The last couple of weeks since we lost dad have been pretty hard. Beforehand, even if I didn't talk to him every day, I just had the knowledge that he was "there". "There" if I needed advice, "there" when I needed to complain about motherhood, "there" just to listen when I needed him to. Now there's this huge hole in the fabric of my life where dad used to be "there".
I know (and have spoken at times) all the platitudes about how he's in a better place, now he's not suffering, now he's with God, ad infinitum. And, while all those things might be true, he's still not "there." And that hurts. Losing your parents is, unfortunately, one of the pieces of the normal progression of life. It just is. And it just sucks.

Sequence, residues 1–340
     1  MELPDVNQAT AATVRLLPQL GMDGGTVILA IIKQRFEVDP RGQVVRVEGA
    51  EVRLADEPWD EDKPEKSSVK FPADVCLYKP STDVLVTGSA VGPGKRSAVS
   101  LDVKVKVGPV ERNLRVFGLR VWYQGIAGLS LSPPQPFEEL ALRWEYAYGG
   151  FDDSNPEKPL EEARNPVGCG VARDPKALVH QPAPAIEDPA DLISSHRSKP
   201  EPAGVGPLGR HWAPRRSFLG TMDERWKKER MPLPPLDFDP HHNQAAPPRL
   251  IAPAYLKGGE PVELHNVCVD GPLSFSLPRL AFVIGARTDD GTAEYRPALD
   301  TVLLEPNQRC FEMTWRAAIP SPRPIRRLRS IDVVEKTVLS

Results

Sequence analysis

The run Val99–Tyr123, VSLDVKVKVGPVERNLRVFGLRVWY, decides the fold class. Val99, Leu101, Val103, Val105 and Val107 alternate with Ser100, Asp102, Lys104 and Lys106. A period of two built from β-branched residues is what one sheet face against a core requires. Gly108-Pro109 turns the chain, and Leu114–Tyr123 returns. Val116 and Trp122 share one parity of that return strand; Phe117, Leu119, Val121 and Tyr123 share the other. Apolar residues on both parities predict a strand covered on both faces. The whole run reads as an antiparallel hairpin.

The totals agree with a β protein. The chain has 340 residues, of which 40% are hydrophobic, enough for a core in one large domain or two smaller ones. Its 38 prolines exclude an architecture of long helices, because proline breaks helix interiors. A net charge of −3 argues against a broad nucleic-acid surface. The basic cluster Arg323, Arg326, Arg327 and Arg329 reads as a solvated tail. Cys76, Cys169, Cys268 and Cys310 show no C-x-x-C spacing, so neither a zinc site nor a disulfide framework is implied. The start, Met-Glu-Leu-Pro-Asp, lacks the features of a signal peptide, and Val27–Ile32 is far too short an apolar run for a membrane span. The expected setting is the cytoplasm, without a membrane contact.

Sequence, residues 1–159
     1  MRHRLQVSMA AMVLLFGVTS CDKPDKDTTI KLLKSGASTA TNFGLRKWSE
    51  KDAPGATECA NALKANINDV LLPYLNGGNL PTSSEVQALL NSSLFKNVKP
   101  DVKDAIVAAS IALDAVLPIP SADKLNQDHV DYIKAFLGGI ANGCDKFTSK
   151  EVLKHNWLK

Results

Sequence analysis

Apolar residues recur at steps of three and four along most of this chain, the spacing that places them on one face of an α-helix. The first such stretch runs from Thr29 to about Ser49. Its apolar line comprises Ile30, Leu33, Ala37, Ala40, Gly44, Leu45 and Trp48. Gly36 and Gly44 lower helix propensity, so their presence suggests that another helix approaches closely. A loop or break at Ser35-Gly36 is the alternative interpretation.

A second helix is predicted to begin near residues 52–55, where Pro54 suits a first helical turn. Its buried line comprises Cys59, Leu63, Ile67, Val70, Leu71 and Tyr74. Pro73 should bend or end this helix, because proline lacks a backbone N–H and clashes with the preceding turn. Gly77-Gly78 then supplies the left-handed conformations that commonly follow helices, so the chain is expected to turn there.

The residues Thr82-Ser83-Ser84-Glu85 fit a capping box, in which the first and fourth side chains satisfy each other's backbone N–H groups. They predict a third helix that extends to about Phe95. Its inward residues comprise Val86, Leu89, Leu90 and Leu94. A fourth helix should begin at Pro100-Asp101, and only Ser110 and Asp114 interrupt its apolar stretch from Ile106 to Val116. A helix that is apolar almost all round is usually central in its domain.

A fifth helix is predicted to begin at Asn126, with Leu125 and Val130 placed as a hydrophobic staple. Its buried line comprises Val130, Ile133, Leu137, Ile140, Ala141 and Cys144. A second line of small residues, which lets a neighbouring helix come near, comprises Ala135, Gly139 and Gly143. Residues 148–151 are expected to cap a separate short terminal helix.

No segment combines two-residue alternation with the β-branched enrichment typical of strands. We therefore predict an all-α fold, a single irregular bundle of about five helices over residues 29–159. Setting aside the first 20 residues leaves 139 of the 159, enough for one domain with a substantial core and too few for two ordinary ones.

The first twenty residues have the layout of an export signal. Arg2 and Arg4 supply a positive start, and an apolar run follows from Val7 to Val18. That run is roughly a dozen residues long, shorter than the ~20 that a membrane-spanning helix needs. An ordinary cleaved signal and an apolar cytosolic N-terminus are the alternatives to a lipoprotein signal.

The manner of my parents deaths has been tough, as well. My mother died from lung cancer over five years ago. My dad died from prostate cancer. Both cancers had spread into their bodies through blood and bone. The way in which cancer emaciates the body and muddles the mind is horrible. Watching mom didn't seem near as bad, since her mind left long before her body did and she didn't exhibit any outward symptoms of pain. For dad, the pain was excruciating and he mentally wasn't gone enough except for the last few days to be able to block it. No amount of pain medications seemed to keep him comfortable. We've all heard the saying that cancer is a bitch. And she is. And because of it, I have two parents who aren't "there".
I want to take steps to try to be healthier so that my own girls have a mom as long as possible. I want to at least attempt to be "there" for them for as long as I can. I hope I never have to face the bitch, but if I do, at least I'll know that I tried to beat her.